If you own a high-end car, it may already have the ability to know a few things about how you are feeling. With sensors and cameras everywhere, some vehicles can detect when the driver is feeling sleepy. Then the steering wheel buzzes to wake her up; the vehicle can even change course to make it to the nearest coffee shop.
But drowsy drivers are not the only threat to safe driving. Road rage is a more common problem and companies are exploring how to equip cars with the ability to detect anger before it does any damage. More than a year ago, experiments were held on combining facial recognition technology with biometric sensors which could measure heart rate, breathing pattern and sweating to measure stress levels.
These sensors were meant to look at conditions inside the vehicle rather than focussing on the outside, and respond better to in-vehicle conditions to make driving safer. When a driver's stress level peaked, several lights on the body of the Ford car (tested for this purpose) came on to warn others. An Irish company called Sensum outfitted the car with sensors to pick up on what it called the 'buzz' moments and give the driver feedback.
Emotion-sensing technology for cars is still under development, and great care should be taken not to disturb or distract drivers when it is activated. A company aptly called Affectiva and incepted at the MIT (Massachusetts Institute of Technology) Media Lab is pioneering affective computing and exploring solutions around drivers' emotion tracking. The new field is known as automotive artificial intelligence (AI) and addresses next-generation safety features, including advanced monitoring of a driver's state of mind, in-vehicle child presence detection, and more. The company has deployed its empathic AI solutions across industry segments and many of these are used to measure consumers' emotional responses to digital content such as ads and TV programmes.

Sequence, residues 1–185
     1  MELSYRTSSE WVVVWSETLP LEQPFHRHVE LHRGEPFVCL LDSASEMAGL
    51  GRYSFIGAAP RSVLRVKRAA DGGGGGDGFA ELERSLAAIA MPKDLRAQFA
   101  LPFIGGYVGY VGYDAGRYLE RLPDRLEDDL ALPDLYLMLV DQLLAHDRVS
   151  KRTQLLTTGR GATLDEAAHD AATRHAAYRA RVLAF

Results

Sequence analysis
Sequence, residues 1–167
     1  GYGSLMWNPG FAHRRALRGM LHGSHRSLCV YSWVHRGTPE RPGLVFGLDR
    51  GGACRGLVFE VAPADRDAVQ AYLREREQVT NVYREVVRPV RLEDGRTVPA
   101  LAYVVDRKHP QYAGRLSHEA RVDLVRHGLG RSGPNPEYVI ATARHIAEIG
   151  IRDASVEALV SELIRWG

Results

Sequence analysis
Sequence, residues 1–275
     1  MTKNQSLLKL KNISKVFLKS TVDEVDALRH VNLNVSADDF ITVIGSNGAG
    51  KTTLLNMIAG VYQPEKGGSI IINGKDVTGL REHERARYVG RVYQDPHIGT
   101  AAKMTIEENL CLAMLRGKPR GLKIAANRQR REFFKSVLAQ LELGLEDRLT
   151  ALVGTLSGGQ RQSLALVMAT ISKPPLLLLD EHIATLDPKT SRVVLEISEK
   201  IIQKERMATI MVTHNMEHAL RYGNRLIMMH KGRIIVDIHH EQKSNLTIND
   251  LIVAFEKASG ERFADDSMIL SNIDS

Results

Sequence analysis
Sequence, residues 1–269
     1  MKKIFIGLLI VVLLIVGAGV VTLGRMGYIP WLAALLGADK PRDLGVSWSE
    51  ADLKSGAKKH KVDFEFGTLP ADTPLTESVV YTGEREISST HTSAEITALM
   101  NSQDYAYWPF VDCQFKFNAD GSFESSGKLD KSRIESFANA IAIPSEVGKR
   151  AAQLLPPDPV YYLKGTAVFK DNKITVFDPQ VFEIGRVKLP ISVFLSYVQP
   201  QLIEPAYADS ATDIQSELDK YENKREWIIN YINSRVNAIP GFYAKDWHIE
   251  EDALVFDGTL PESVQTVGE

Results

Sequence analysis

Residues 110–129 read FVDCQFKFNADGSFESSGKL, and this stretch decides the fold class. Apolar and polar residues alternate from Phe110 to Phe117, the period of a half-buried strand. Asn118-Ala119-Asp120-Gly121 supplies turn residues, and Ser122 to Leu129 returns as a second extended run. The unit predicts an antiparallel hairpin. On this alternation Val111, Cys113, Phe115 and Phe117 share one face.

Affectiva's automotive AI unobtrusively measures complex and nuanced emotional and cognitive states from facial expressions and voice data. Copious amounts of data is collected from sensors and fed into a neural network to monitor the driver's anger so that interventions and route alternatives can be enabled to avoid road rage. A virtual assistant guides the driver to take a deep breath, the person's preferred playlist for soothing music gets turned on and the GPS suggests a stop along the way. In brief, the next generation in-cabin software is driven by customised deep learning architectures, computer vision, speech processing and massive amounts of real-world data. This will enable intervention, including taking control of the car and handing it back.
Given how automotive AI is developing, Affectiva thinks consumers will now pay as much attention to in-cabin experience as they do to vehicle hardware. And they will be keen to find out which car can keep them most safe, entertained and relaxed. Original equipment manufacturers should also have a good understanding of drivers' emotions and their reactions to vehicle systems and driving experience.
The Bible Bot Is Here
A robot that reads the Bible should not surprise us overmuch. Our smartphones can do the job if you download an app or an e-book. But SanTO is different. It is a little statue-like robot that looks like a figurine of a saint and can recognise the kind of mood you are in and what you need to hear, reports The Wall Street Journal.
Equipped with a computer, a microphone, and facial recognition technology, SanTO can listen to people, scan their faces for signs of specific emotions and put that to good use as it rapidly scans through the text and reads out what it thinks fit. Fortunately, the robot does not take it into its head to go around offering interpretations and discourses - it only recites the text. In 2017, Germany's Protestant Church also created BlessU-2, a robot that can "bless" humans in five languages.
Developed by Gabriele Trovato, a robotics expert at Waseda University in Tokyo, SanTO has been used to read scriptures to older people in a nursing home. It also demonstrates that in the absence of humans to show such kindness, a robot might do very well as an alternative.